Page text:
[Below is the leftover old format; this pattern is undergoing a metamorphosis to Alexanderian form.
Decouple one or more components from their container to the extent that other containers can be used in its place.
Components with finer granularity (e.g. text boxes, buttons and other widgets) typically used to compose user interfaces are inherently container-independent. Many development environments and tools provide these widgets for rapid application development.
But sometimes large-grained components get coupled to the application that contains them operate independently of the application that contains them.
The first implementation of ContainerIndependence
that saw wide-scale use was in the Collection classes for Smalltalk-80. Since then the practice has become widely accepted, influencing the design of the Java Collection classes and the C++ Standard Template Library. The package approach to CBD is now becoming an emerging standard. Today, companies like PeopleSoft
are taking a component-based approach. When the container is a package, motivation becomes a "cautious integration" for components.
For example, In a previous project one of us participated in, we took Janna Contact from Janna Systems , a package for enterprise contact management, and extended it with a few dozen ActiveX controls (the components) that represented different kinds of financial data.
When our components were plugged into Janna, they used Janna as the means to base their information on contact info. ContainerIndependence
gave us the ability to manually test-drive our controls in the Visual C++ test container. We demonstrated reusability to stakeholders by popping them into a web page on Internet Explorer. Showstoppers in Janna (e.g., database problems) didn't stop us because we just continued development, testing, and debugging with the test container.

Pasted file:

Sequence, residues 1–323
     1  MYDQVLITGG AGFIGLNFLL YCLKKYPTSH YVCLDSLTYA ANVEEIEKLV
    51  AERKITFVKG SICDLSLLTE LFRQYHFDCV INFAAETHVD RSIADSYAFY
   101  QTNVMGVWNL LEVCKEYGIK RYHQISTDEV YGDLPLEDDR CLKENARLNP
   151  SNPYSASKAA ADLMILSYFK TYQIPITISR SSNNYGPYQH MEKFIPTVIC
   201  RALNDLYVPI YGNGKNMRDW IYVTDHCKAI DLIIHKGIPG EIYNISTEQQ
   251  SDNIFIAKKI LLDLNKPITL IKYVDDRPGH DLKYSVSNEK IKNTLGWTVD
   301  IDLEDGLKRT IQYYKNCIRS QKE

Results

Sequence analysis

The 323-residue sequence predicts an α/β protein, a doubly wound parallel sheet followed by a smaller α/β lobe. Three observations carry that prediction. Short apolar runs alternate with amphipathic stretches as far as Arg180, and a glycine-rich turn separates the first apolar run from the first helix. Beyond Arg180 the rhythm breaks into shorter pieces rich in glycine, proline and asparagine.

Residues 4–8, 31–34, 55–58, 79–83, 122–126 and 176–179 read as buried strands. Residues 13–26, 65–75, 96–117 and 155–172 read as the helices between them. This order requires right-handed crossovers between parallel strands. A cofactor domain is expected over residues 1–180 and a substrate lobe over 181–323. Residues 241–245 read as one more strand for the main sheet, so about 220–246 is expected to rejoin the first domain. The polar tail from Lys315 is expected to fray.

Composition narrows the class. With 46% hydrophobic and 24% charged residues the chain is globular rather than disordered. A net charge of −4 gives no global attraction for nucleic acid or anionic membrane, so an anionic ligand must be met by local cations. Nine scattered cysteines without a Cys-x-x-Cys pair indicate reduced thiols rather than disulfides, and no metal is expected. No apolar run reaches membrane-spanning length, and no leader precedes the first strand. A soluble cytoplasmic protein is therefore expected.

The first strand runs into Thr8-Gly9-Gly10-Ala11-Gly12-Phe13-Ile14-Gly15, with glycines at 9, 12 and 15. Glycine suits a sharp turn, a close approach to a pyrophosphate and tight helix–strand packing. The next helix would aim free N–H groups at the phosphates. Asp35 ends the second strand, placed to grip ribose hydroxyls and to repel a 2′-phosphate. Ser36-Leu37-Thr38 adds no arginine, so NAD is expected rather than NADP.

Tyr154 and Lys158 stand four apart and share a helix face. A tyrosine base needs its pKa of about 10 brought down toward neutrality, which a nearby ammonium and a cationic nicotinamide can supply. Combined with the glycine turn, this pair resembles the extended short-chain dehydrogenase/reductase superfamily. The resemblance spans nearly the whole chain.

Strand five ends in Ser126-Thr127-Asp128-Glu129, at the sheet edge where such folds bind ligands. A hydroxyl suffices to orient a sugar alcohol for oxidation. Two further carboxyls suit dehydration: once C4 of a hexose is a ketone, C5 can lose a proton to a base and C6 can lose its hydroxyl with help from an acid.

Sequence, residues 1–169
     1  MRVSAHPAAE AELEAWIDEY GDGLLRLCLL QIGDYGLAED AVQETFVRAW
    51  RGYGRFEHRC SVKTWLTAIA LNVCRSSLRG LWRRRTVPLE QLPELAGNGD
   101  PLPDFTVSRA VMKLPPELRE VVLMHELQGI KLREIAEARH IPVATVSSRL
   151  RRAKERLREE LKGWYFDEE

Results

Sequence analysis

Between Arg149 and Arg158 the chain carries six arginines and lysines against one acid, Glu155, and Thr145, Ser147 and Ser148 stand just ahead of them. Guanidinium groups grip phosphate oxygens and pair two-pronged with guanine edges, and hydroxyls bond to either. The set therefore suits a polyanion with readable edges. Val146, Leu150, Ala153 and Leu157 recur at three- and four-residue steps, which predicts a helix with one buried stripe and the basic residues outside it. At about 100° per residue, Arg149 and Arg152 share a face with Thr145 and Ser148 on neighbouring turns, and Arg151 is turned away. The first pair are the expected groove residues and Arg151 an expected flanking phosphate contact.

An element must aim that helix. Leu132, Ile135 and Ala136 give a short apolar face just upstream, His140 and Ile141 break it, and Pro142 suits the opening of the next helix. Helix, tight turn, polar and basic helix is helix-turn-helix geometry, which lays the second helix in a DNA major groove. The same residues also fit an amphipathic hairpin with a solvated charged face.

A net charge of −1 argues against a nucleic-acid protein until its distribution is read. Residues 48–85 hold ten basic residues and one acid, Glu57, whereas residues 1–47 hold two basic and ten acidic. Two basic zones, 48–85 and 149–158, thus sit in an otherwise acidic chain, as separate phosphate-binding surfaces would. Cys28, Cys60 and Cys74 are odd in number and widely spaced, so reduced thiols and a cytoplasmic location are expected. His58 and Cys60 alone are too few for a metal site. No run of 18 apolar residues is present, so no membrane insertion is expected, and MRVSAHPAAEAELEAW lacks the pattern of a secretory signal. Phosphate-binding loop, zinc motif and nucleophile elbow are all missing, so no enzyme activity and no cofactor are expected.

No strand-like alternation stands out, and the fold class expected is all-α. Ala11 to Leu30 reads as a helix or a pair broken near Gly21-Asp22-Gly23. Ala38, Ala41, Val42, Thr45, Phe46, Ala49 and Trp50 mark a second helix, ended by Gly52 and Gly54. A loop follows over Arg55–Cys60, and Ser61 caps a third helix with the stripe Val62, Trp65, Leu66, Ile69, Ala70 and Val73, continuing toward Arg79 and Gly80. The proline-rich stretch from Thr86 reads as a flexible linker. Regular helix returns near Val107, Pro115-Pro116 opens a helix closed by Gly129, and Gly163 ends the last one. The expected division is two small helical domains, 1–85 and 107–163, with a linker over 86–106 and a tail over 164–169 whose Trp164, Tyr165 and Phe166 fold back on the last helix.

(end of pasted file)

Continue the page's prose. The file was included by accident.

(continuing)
is one of the main selling points (and design strategies) of EnterpriseJavaBeans
Yes, I too have found this a key area for making contained objects reusable. It's often convenient for the object to have a back-pointer to its container, and this leads to a coupling which causes problems later.
If a component needs to communicate with its container, you can reduce coupling by defining AbstractInteractions between container and containee. --NatPryce
It also means the object cannot be in two containers at once. This may not matter much for GUI things but can be a problem generally. This is one of the reasons I was stunned by Smalltalk-like collection classes the first time I saw them. Previously (in C) I'd used IntrusiveLinkedLists?
, which lack ContainerIndependence
and don't lead to such reusable list code.
Use of the AbstractSessionPattern
can help support ContainerIndependence
. OLE calls these sites
. Each embedded object holds a reference to a "site" object that represents its place in its container. It requests changes to it's location by calling methods of it's site. Containers instantiate a site object for each contained object and mediate between the sites to share screen real-estate between the contained objects. A really simple container, that only holds one contained object, can implement the site interface itself.
- The VisualBasic concept of an event which is raised by a control and caught by a container provides a simple language concept that ensures the control being contained needs no knowledge of the container. (Specifically, the control doesn't need an object reference or knowledge of some special interface implemented by its container.)
- The containee->container relationships are defined by event propagation only.
Thus the event concept in VB exists to achieve ContainerIndependence
This is pretty tentative. Feel free to confirm or deny this.